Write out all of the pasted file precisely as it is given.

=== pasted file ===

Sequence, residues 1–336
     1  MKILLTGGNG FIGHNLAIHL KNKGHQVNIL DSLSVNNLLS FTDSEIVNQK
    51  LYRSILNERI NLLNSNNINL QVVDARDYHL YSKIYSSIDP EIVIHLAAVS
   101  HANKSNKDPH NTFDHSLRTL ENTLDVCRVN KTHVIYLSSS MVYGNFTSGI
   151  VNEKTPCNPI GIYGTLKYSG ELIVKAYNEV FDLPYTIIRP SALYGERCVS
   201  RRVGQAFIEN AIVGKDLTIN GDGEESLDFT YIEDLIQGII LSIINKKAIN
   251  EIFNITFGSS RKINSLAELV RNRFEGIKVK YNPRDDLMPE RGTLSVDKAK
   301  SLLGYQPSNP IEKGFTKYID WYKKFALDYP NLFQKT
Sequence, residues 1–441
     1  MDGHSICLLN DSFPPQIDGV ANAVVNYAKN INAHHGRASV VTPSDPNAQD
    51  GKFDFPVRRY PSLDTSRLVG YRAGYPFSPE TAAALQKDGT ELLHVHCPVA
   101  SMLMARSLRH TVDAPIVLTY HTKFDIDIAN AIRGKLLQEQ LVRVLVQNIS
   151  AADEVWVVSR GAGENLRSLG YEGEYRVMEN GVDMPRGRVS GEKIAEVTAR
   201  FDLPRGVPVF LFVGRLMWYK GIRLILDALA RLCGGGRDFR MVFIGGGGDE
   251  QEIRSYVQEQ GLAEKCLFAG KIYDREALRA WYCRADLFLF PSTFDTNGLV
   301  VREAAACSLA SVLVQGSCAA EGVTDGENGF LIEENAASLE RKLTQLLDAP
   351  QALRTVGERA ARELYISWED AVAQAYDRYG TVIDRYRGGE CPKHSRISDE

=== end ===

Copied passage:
Sequence, residues 1–336
     1  MKILLTGGNG FIGHNLAIHL KNKGHQVNIL DSLSVNNLLS FTDSEIVNQK
    51  LYRSILNERI NLLNSNNINL QVVDARDYHL YSKIYSSIDP EIVIHLAAVS
   101  HANKSNKDPH NTFDHSLRTL ENTLDVCRVN KTHVIYLSSS MVYGNFTSGI
   151  VNEKTPCNPI GIYGTLKYSG ELIVKAYNEV FDLPYTIIRP SALYGERCVS
   201  RRVGQAFIEN AIVGKDLTIN GDGEESLDFT YIEDLIQGII LSIINKKAIN
   251  EIFNITFGSS RKINSLAELV RNRFEGIKVK YNPRDDLMPE RGTLSVDKAK
   301  SLLGYQPSNP IEKGFTKYID WYKKFALDYP NLFQKT
Sequence, residues 1–441
     1  MDGHSICLLN DSFPPQIDGV ANAVVNYAKN INAHHGRASV VTPSDPNAQD
    51  GKFDFPVRRY PSLDTSRLVG YRAGYPFSPE TAAALQKDGT ELLHVHCPVA
   101  SMLMARSLRH TVDAPIVLTY HTKFDIDIAN AIRGKLLQEQ LVRVLVQNIS
   151  AADEVWVVSR GAGENLRSLG YEGEYRVMEN GVDMPRGRVS GEKIAEVTAR
   201  FDLPRGVPVF LFVGRLMWYK GIRLILDALA RLCGGGRDFR MVFIGGGGDE
   251  QEIRSYVQEQ GLAEKCLFAG KIYDREALRA WYCRADLFLF PSTFDTNGLV
   301  VREAAACSLA SVLVQGSCAA EGVTDGENGF LIEENAASLE RKLTQLLDAP
   351  QALRTVGERA ARELYISWED AVAQAYDRYG TVIDRYRGGE CPKHSRISDE